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Life in Afghanistan Printable Version PRINTABLE VERSION
by Karis, Canada Dec 11, 2001
Human Rights , Culture   Opinions
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Right after the events of September 11th, one of our members (Jennifer Corriero) connected with a young Canadian (Adriana) who had recently returned back to Canada after being in Afghanistan for several months! After hearing a few perspectives on 'Life in Afghinistan', a meeting was set for an interview to take place. This article has been written in interview format for members to learn a bit more about what life is like in Afghanistan, and what Adriana did while she was there. She had so much to say, and this is a great article that everyone should read!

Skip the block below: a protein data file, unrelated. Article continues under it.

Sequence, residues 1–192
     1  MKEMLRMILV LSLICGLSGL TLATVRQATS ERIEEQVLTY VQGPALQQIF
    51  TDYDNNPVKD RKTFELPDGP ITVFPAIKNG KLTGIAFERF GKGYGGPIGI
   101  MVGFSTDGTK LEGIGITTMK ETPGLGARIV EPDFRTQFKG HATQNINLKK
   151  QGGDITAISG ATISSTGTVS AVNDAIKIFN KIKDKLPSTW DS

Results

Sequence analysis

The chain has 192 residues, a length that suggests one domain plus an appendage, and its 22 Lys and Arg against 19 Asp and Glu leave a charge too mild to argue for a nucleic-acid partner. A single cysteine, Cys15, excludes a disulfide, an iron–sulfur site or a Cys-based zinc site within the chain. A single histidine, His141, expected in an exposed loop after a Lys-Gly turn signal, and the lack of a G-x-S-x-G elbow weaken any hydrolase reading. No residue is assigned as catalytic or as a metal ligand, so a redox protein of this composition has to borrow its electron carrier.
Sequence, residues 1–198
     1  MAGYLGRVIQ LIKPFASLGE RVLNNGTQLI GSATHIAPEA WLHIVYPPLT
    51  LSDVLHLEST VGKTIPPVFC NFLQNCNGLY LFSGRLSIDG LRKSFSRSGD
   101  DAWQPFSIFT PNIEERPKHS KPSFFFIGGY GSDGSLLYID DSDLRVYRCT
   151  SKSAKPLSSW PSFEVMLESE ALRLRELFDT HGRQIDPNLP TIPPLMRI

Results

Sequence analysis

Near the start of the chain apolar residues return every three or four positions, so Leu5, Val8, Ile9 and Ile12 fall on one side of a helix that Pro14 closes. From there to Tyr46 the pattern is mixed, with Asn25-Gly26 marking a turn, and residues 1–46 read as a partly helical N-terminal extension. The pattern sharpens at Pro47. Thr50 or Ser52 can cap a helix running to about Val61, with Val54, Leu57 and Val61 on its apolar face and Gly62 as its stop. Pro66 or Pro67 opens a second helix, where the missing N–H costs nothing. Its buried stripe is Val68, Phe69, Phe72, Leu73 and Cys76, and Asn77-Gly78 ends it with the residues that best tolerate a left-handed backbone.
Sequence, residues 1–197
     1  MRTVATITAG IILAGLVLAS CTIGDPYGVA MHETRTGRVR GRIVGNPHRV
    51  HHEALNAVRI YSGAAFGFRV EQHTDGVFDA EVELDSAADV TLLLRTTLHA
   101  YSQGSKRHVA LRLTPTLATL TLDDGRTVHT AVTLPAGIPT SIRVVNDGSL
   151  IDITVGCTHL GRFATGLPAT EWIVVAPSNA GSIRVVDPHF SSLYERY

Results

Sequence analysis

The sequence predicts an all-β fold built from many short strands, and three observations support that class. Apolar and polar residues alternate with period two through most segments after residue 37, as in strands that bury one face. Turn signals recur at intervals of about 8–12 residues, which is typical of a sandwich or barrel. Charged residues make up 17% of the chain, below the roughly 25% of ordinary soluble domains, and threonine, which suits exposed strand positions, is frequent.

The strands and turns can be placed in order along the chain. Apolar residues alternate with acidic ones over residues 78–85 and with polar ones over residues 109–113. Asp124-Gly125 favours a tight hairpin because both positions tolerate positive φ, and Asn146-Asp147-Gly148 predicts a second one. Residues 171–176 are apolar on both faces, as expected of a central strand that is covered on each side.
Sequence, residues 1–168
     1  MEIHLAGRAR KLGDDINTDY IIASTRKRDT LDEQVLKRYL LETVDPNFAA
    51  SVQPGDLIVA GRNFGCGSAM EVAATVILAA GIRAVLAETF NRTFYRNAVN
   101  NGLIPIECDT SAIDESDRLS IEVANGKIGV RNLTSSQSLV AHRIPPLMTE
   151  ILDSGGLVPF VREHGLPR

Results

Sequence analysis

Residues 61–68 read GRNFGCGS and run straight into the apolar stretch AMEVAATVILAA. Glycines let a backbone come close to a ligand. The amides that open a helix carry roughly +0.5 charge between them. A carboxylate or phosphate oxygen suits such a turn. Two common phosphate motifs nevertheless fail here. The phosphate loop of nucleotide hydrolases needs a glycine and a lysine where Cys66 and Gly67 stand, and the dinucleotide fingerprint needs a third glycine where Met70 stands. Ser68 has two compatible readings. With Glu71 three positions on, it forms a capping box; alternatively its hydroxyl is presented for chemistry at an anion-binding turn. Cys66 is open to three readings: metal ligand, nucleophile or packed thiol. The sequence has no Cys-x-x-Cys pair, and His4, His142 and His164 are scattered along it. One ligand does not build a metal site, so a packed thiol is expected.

The Interview:

Why did you go to Afghanistan?

I was intrigued about that part of the world. I was feeling
adventurous and wanted to go somewhere exciting and exotic.
I wanted to be inspired, because I had heard that the Afghans
were passionate and dedicated people. They turned out to be full
of hope and optimism that gave everyone who worked with them a
fresh outlook on the challenges they faced. I went to Afghanistan
as part of the Centre for Human Settlements. I was the Project
Manager (it was Swiss funded). What I was supposed to do was
strengthen community-based organisations. I was inspired be a
colleague and felt it was really important for women to go even